Wirehouses Feel Some Threat of Independents

While moving to independence is easier for advisers than ever before, it’s still not exactly easy.

The latest The Cerulli EdgeAdvisor Edition notes that advances in technology have made the breakaway process easier, but it shouldn’t be taken lightly. After the fact, most advisers report satisfaction, but also said it is one of the most difficult points of their careers.

Cerulli has previously reported that more advisers are considering the independent route, but they are still the minority (see “Advisers Move to Independence, but Wirehouses Are Here to Stay”).

Even though most advisers will not move to independence, the trend is still seen as a nuisance for wirehouses, according to the report. The growth of independent registered investment advisers (RIAs) is the second greatest threat to broker/dealers (B/Ds), trumped only by shrinking margins, according to Cerulli data. The report suggests the solution for wirehouses might be to be give their advisers more independence and flexibility, such as open-architecture tools.

Cerulli 2009 data show that wirehouses hold about 55,000 advisers but are losing advisers more than most other channels. Regional broker/dealers are now adding advisers and branches from wirehouses. RIA-only firms, which hold about 18,500 advisers, are gaining the most advisers. Independent broker/dealers hold the largest chunk of advisers in the industry, with almost 99,000 advisers.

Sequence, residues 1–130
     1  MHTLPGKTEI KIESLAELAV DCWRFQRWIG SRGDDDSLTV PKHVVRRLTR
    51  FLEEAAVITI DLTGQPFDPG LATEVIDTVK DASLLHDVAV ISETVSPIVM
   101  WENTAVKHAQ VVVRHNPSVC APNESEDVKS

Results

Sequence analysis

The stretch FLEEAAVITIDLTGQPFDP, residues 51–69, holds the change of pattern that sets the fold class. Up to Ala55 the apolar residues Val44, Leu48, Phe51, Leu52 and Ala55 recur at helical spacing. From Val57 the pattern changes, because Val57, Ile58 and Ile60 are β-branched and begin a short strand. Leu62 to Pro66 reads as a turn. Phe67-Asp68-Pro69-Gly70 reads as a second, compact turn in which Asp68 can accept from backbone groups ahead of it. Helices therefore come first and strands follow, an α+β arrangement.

Despite the fact that they aren’t rapidly gaining advisers right now, wirehouses are still a stronghold of the advisory industry, representing nearly 20% of the advisers in the industry and holding about half of the market of investable client assets. According to the Cerulli report: “A wirehouse team with $1 billion in assets under management leaving to start their own RIA makes for an interesting headline, but it also represents a minority of adviser transitions, as the majority of wirehouse adviser defections are to other wirehouse firms.” (See “Once a Wirehouse Adviser, Always a Wirehouse Adviser?”).

Independent advisers see higher payouts than wirehouse advisers (RIAs usually around 100%; independent B/Ds around 70%-100%; wirehouse advisers around 20% to 50%). However, Cerulli notes that stepping into independence could be perceived as about a 10% raise for advisers, once the cost of being a small-business owner is factored in. Advisers might like the idea of independence, until they weigh the difference between “walking into an office flipping on a computer and getting to work against the long list of responsibilities that fall directly in the lap of a small-business owner.”

At least advisers don’t have to feel like they are sacrificing their service offering by going independent, the report notes; technological advances have made setting up an advisory practice easier than ever before, and plenty of RIA service providers are ready to help.